PORT TOWNSEND — Technology led to the rescue of two people lost in the wilderness, but they were fortunate, according to a sheriff’s office sergeant.
“In both instances, it was imperative that they had a cellular signal,” said Sgt. Brett Anglin of the Jefferson County Sheriff’s Office, reporting on the weekend rescues of a lost hunter and fisherman.
“That being said, that’s very uncommon in the wilderness,” he emphasized.
“We strongly suggest, at a minimum, having GPS and mapping capabilities downloaded to your phone, as well as carrying a map and compass and having the ability to use them,” he said.
And don’t rely on technology, Anglin said. It’s important to go prepared into wild areas and tell others where you are going and when you expect to be back.
Jefferson County Search and Rescue began looking at 9:30 p.m. Saturday for a hunter who called on his cellphone to say he was lost, weak, dehydrated and stuck on the side of a steep cliff near Tubal Cain.
However, he actually was located off of Tunnel Creek, about 10 miles away, Anglin said.
“It is about 10 miles as the crow flies, more using trails. It’s in a different mountain range,” the sergeant said.
“Without the cellular GPS location, we would have been looking in the completely wrong area.”
The hunter was not prepared to stay overnight outdoors, Anglin said.
“He had no food or water or supplies for camping overnight. It was just a day trip.”
The unidentified man was located safe but stranded on a cliff by two search and rescue personnel who bushwhacked through treacherous terrain to locate him, the sheriff’s office said in a press release.
He was rescued by a helicopter from Naval Air Station Whidbey Search and Rescue.
“He was unable to go up or down the cliff,” Anglin said.
“They didn’t locate him until 8:40 p.m., so about 12 hours later. They located him but were unable to get to him because he was 40 feet up a cliff,” he explained.
The helicopter was requested 15 minutes later and arrived about an hour later at 10 p.m. to find the man dehydrated and fatigued, he said.
A lost fisherman contacted authorities at 11 a.m. Sunday.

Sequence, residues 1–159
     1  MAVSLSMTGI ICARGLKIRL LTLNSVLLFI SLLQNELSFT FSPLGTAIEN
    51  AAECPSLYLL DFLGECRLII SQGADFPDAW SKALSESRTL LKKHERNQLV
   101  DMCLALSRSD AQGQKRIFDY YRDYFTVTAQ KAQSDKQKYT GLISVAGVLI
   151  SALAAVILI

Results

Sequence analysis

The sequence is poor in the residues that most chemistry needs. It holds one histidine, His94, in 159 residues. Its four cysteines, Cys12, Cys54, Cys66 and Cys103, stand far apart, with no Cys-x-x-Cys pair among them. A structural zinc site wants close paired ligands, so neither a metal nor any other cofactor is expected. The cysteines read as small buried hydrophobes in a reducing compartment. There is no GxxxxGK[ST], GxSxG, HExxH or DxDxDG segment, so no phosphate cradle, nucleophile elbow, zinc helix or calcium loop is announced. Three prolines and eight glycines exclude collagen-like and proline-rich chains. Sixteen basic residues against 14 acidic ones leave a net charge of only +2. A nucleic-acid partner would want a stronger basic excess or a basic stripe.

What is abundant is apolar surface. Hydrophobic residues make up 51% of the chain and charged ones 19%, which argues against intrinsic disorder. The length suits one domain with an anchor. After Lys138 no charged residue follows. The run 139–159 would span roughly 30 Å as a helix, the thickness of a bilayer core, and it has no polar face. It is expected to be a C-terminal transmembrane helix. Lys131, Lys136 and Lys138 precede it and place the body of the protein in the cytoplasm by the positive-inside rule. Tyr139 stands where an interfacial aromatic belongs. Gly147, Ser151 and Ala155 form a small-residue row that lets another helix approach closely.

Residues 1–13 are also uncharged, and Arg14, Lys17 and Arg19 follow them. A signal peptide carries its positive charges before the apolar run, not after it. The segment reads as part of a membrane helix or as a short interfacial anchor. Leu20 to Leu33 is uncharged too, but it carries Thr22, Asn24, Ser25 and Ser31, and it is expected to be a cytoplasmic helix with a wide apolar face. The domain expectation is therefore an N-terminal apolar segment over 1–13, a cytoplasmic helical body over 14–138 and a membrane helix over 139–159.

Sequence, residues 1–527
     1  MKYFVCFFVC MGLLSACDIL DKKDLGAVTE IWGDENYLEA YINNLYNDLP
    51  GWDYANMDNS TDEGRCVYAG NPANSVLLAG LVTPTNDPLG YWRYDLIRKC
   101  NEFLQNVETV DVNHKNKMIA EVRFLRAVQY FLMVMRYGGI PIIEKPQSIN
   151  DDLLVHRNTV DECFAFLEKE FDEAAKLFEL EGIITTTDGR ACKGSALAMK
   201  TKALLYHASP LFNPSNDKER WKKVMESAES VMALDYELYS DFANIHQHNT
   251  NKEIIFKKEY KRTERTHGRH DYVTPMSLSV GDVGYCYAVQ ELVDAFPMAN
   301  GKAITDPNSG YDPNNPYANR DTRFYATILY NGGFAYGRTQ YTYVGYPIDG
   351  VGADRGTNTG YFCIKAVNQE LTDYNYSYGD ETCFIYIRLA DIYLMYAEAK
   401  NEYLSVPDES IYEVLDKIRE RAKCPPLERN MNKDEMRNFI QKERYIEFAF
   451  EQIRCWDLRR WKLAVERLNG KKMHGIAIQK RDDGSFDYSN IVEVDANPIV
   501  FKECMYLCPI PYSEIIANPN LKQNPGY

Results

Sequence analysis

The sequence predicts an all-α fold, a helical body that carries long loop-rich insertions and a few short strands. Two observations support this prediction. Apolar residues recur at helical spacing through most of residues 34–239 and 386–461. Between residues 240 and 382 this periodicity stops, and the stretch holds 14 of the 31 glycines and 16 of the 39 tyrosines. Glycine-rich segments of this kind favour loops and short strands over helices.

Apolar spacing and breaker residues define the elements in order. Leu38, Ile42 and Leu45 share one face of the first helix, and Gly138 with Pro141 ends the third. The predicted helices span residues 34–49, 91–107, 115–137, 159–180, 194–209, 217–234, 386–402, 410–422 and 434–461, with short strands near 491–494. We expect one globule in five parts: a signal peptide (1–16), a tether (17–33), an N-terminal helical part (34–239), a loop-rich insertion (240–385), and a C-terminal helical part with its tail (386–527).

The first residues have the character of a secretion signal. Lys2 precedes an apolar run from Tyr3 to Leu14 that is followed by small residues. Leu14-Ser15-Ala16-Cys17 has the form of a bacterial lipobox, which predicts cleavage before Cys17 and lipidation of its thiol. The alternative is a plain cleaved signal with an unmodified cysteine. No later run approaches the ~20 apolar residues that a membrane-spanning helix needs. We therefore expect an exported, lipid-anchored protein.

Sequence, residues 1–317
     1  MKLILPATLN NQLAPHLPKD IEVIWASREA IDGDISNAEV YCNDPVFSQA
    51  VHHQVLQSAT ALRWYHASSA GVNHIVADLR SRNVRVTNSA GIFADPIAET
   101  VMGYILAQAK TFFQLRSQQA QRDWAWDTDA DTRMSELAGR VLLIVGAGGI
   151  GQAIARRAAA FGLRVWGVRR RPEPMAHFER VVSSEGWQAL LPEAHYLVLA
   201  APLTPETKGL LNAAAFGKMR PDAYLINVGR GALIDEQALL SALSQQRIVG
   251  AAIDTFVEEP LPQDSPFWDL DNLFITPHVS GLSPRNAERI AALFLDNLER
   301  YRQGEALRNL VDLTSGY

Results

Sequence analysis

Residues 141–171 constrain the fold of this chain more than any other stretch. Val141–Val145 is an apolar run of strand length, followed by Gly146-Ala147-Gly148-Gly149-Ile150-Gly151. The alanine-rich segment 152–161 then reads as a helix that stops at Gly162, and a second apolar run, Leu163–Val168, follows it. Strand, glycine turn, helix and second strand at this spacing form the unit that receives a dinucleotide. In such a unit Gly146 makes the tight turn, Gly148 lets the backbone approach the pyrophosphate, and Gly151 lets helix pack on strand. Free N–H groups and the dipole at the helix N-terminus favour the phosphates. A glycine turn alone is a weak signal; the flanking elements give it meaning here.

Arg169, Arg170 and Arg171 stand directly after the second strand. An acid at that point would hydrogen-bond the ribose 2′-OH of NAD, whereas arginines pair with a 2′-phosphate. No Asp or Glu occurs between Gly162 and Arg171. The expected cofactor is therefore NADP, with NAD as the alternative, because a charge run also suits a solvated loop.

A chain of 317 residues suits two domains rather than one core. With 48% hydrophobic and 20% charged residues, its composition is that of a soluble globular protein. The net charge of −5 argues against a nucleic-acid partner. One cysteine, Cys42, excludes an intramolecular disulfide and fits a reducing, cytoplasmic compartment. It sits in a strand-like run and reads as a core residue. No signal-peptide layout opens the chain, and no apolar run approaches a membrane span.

The unidentified man, who had entered the area near Quilcene near Fremont Street, said the tide was coming in and he was unable to get through the woods and marsh area, according to the press release.
“He said it was muddy terrain and he was unable to go further,” Anglin said. “He was just out fishing by himself.
“He stated he was on the south side of the Big Quilcene River. However, the GPS location showed him on the north side of the river. He did not have a lot with him,” Anglin said.
The fisherman was found safe, the sheriff’s office said.
Many technologies are available now for satellite phones, Anglin said. Jefferson County Search and Rescue uses InReach devices that provide SOS beaconing as well as simple texting from the wilderness, he said.
“It’s not uncommon not to have correct locations. When the initial call to 9-1-1 is not correct, it becomes a hindrance. So that should not be relied upon in any circumstance,” Anglin said.
Cellphone companies get an approximate location based upon the signal frequency and the tower location, Anglin said. The signal strength tells them the distance from the tower, but it generally doesn’t get an exact GPS location, he said.
“The program we use for our mapping, we send them a signal so we can get their location on a map. But it only works if the person has cellphone service, which is rare,” Anglin said.
The Washington Trails Association recommends hikers carry the 10 essentials: navigation, sun protection, insulation, illumination, first aid, fire starter, multi-tool, nutrition, hydration and emergency shelter.
Reporter Brian Gawley can be reached at 360-452-2345, ext. 55650, or at [email protected]